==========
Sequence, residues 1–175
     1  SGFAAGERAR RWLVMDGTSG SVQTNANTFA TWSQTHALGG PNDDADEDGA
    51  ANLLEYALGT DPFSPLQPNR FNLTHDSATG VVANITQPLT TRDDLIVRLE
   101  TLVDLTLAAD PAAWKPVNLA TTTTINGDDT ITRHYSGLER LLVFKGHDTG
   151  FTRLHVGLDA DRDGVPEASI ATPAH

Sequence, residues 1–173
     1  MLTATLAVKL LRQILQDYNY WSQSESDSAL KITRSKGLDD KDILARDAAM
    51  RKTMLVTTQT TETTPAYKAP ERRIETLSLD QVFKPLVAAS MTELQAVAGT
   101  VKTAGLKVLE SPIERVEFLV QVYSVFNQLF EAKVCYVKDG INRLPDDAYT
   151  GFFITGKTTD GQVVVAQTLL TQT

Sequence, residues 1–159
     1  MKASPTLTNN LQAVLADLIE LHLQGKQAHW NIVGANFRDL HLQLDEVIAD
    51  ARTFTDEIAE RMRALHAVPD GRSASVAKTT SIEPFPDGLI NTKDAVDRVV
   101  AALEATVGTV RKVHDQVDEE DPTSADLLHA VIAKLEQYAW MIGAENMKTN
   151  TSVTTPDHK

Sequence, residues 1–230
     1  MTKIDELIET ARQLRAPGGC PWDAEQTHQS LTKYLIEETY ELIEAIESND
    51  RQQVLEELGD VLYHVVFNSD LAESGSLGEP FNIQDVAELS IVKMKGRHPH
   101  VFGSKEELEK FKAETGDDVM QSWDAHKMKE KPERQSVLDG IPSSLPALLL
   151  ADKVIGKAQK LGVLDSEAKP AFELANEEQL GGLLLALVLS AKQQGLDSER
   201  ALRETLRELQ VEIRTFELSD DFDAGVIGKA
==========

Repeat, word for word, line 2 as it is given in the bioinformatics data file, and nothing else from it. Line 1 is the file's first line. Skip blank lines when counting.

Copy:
     1  SGFAAGERAR RWLVMDGTSG SVQTNANTFA TWSQTHALGG PNDDADEDGA